We write this post for Bresha Meadows, on this, her 15th birthday. As Black and Brown organizers, many of whom have experienced violence in our own lives, it pains us that Bresha will spend this day incarcerated, rather than celebrating her life at home with her family. On July 28, acting in her own defense, and in defense of her mother, Bresha allegedly took the life of her father, Jonathan Meadows.
Jonathan Meadows was killed with his own gun — a firearm he is said to have repeatedly pointed at his own family, throughout the years of abuse they suffered. It is well documented that abusers with a history of violence are five times more likely to subsequently murder an intimate partner if there is a firearm in the home. Brandi, Bresha’s mother, was trapped in a cycle of violence, that both she and Bresha had previously made efforts to escape, but we all know that leaving an abuser can be complicated, difficult and at times deadly for abused women.
For the folx in the back: Brandi Meadows was already five times more likely to be murdered than a woman whose abuser did not own a gun, and 75% of abused women who are killed by their partners are murdered upon trying to end the relationship.
These are the odds Bresha was up against as she stared down the violence in her own home.
We live in a country that rarely offers financial or material escape routes for the abused. And yet, when a woman, or in this case, a child, whose skin is not a lighter shade of pale acts in their own defense, they are caged.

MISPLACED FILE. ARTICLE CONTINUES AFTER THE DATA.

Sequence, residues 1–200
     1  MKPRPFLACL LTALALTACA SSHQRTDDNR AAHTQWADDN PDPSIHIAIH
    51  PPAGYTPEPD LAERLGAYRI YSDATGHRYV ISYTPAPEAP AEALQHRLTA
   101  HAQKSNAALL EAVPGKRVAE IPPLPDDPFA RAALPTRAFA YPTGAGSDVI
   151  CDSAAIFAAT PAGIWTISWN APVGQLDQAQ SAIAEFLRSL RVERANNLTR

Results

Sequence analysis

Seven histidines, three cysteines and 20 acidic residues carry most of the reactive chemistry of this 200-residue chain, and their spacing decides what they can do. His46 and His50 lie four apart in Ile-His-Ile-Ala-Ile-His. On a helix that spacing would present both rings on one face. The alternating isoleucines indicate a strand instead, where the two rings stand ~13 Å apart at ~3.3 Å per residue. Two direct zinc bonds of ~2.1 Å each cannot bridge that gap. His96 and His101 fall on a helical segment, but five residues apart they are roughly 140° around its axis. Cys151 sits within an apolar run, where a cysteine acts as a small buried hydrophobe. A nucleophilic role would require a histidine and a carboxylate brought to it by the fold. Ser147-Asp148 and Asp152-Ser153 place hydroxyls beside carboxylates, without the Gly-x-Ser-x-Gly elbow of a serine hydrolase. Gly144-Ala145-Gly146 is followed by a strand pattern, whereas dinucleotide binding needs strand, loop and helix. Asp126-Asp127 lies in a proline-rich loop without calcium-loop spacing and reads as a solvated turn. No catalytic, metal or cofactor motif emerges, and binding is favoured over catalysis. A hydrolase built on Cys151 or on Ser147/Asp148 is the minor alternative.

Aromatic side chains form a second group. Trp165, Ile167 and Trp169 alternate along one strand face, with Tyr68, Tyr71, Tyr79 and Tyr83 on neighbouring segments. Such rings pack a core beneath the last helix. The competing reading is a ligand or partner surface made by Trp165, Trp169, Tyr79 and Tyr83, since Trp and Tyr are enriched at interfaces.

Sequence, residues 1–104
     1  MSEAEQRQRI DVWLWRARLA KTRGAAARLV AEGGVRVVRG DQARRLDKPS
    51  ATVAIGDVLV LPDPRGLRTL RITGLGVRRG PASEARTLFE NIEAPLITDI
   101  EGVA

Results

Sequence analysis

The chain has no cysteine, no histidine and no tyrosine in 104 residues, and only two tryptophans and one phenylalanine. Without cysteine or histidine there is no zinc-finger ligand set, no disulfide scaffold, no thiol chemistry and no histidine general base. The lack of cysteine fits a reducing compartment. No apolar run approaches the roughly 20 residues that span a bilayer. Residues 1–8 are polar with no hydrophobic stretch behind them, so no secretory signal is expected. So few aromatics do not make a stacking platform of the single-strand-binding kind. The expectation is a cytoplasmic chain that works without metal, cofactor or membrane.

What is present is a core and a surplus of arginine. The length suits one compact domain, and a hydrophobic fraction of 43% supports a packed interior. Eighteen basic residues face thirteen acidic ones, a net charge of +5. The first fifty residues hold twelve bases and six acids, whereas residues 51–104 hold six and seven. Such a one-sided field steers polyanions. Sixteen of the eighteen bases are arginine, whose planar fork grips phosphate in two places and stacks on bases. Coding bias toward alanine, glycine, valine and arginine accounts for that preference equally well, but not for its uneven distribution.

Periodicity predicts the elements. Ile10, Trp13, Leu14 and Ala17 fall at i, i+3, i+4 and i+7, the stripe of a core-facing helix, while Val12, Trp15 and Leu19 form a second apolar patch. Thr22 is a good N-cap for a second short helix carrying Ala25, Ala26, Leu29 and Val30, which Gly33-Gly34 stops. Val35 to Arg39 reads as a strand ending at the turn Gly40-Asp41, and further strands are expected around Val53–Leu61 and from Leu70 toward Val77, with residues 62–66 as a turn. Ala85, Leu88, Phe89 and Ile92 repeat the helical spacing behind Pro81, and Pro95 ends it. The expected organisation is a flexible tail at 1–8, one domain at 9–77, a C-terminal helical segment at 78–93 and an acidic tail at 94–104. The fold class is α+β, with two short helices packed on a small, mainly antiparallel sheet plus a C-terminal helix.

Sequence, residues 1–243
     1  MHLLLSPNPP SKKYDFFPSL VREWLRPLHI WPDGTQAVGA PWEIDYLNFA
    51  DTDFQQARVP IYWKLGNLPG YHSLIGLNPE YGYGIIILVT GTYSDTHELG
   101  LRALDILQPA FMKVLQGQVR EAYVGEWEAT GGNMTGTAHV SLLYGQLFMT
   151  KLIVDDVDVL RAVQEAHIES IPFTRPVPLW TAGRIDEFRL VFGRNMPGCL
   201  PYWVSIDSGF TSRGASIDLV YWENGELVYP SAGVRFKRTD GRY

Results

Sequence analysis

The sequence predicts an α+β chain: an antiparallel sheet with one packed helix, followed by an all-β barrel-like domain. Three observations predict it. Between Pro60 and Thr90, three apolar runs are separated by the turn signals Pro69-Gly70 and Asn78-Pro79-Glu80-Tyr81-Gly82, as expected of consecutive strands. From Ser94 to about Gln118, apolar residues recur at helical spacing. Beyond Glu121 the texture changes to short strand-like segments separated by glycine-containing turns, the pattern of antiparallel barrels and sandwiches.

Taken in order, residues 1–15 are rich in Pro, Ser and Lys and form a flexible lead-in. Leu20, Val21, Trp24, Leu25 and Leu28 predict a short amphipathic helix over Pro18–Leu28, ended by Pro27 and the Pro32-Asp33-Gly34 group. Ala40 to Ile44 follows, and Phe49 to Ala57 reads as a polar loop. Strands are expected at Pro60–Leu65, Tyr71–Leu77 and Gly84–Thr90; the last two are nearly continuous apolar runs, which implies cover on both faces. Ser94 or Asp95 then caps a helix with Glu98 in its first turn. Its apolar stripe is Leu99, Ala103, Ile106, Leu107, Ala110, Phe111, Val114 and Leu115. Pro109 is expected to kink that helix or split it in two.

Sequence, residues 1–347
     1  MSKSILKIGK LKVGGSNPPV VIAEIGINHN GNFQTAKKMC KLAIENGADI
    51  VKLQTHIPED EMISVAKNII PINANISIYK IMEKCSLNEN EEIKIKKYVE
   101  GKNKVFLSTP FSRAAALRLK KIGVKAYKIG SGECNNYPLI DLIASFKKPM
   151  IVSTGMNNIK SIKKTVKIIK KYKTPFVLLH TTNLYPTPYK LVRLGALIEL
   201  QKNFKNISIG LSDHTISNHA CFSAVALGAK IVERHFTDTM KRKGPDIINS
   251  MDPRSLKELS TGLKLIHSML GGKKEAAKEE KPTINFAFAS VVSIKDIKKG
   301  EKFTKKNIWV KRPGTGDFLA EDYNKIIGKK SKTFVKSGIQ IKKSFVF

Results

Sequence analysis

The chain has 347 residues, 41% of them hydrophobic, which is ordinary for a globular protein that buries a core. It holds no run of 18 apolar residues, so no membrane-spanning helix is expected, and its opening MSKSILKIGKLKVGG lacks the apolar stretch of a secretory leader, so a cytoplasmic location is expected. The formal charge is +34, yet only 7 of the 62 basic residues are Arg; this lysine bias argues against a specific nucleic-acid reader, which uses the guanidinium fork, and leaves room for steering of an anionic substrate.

Jonathan Meadows death is a tragedy. It’s a tragedy that extends well beyond the loss of his life, and into the longstanding violence that provoked it. But both Bresha and her mother had — and continue to have — a natural right to survive.
Bresha’s mother calls her daughter a hero. And we agree.
Bresha, whensoever these words find you, we hope you know how many people believe you and believe in you. We are grateful for your life, for your survival and for your courage. Young Black girls, like you, have historically been treated as though you are not deserving of intervention or protection in the face of violence. The criminalization of your survival, and the survival of your mother, is not surprising, but it must be fought, for your sake, for the sake of Black girls everywhere, and for all our sakes — because none of us should be able to stomach living in a world where you are not free.
Many of us have our own stories of trauma and survival. We have our own memories of escape, or of moments we wish we could have escaped. Your resilience and strength inspire us. For survivors like us, there is no world in which we can sit still as you are kept caged.
So we write this post for Bresha, on her 15th birthday.
We share these words with love for both Bresha and her family, and with the disciplined hope of organizers who cannot stand to see a child caged for saving her own life, and the life of her mother. We write this because a child should not have to free herself from one abuser, only to be caged by another.
We write this to celebrate her continued survival and pledge to support those who are fighting in her name.
We encourage those who are able to donate to Bresha’s family in her time of need, as her legal expenses will no doubt be a major hardship. If you would like to send Bresha cards, drawings or letters of support, you can send those materials here:
Bresha Meadows c/o Ian N. Friedman, Esq. Friedman & Nemecek, L.L.C.
The IMG Center
1360 E. 9th Street, Suite 650
Cleveland, Ohio 44114
Or you can email images, letters or selfies with supportive messages directly to us, and we will print and send them for you:
We will send any loving material shared with us to Bresha.